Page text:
The Living God
The Bible often describes God by using modifying terms. One of the better known expressions is “God Almighty,” which is used eleven times in eleven verses. However, a more frequently used expression in biblical times was “the living God,” which is used thirty times in thirty verses (NKJV). Why God is designated as “the living God” is not always indicated. However, some reasons seem evident. First, God may be called the living God because he is the source of all life. Only God has life in himself (John 5:26) and only God can give life to others. After creating the heavens and the earth and all things in them, God said, “Let the waters abound with an abundance of living creatures . . . So God created . . . every living thing that moves” (Genesis 1:20, 21). “And the Lord God formed man of the dust of the ground, and breathed into his nostrils the breath of life; and man became a living being” (Genesis 2:7). God not only gives life, he is the means by which all life is sustained (Genesis 2:7; Psalm 66:9; Acts 17:25).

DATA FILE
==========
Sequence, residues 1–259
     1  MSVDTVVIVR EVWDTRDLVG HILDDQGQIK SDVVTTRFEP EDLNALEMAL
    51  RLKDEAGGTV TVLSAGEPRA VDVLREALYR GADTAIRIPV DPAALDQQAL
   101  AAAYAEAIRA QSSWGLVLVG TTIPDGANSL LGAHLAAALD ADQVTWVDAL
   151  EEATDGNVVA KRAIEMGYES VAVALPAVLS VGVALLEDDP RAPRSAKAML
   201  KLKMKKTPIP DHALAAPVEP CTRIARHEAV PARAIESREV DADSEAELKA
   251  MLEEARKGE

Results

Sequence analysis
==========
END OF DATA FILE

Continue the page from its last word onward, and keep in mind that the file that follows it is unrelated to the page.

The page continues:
Second God seems sometimes to have been called the “living God” because he is perceived to be the true God who is alive in contrast to false gods of idolatry (Acts 14:15; 2 Corinthians 6:16; 1 Thessalonians 1:9) which are dead (Psalms 115:3-8; 135:15-18; Isaiah 44:9-20; Jeremiah 10:8-10, 14). Elijah caused Israel to acknowledge the true God when he challenged the priests of Ba’al to produce sacrificial fire from heaven. When they could not, Elijah prayed to God and fire fell from heaven to consume his sacrifice (1 Kings 17-18).